In a private conversation with Wilkinson, he told me that he does not recommend young scholars to publish books on the web. Such scholars should gain reputation and recognition by being published with a serious publisher. He does think that the future of publishing book is on the web and he hopes that this will reduce the costs of book. In any case, if you do publish on the web, I would recommend you not only to put it as an HTML document as Wilkinson did. Add also as a PDF document and remember to add it to Google Book (a process which is straight forward and fast).

5. Publish various types of publications.

Do not publish only articles or only books. Try to be active in publishing various sorts of publications: articles, books, book chapters, edit books, edit journals, reviews, and even blog posts, etc. This would gain you invaluable experience in various types of writings.

6. After every few years find new a direction

It is sad to see that some scholars simply recycle their work or even research methods again and again. Every few years try to reinvent yourself by actively seeking new ways of making research and new subjects. My research is on Schoenberg and performance. At these very days I am thinking about a new subject for doing research.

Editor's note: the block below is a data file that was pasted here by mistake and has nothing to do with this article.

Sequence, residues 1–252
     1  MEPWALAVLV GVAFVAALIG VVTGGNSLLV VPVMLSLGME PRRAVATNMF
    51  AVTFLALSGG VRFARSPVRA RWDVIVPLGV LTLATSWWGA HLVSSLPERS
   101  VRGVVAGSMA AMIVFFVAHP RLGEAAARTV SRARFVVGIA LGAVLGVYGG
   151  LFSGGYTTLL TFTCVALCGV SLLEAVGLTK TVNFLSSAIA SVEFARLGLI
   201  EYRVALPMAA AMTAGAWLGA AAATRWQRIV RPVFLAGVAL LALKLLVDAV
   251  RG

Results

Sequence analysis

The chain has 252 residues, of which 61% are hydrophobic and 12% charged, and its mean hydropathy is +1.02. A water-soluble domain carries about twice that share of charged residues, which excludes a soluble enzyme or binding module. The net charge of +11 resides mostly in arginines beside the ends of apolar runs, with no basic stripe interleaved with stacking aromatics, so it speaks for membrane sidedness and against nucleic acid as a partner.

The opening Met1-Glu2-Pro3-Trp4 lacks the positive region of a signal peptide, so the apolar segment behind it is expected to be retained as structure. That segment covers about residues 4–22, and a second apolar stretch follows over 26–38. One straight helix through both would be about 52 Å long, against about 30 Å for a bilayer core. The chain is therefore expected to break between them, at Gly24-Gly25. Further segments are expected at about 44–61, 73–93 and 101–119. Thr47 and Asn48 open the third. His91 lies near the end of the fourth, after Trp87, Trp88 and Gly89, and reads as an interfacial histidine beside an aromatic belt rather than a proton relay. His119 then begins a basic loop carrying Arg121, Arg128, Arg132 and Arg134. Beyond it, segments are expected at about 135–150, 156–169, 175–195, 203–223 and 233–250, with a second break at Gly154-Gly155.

7. Discuss your research in conferences

One of the ways of checking your ideas is to present and discuss them at conferences. This is a way of receiving feedback as well as making good contacts.

8. Ask a friend to read your work

Sometimes a friend could give you valuable feedback even if this person is not an expert in your field. Such criticism (like any criticism) should always be listened to with caution. This brings us to our last point.

9. Listened to critics and readers with caution

I had the experience of receiving very negative response to one of my articles by two people. I asked did not back off and answered the journal why I think that the main arguments of these reviewers were not completely right. I asked that the article would be submitted again to other people who may be more open to my kind of research and this is what the journal editor did. At the end the article was not accepted to that journal. However, I have learned two things. The other two reviewers were much more helpful and kind. This proves my point that no one likes all types of research (and that the review process is not always objective). All reviewers gave me comments that helped me improve my article before sending it to another journal. This kind of experience was very important for me. In other words, do not give up. The process can be long and not pleasant. However, it will improve your writing.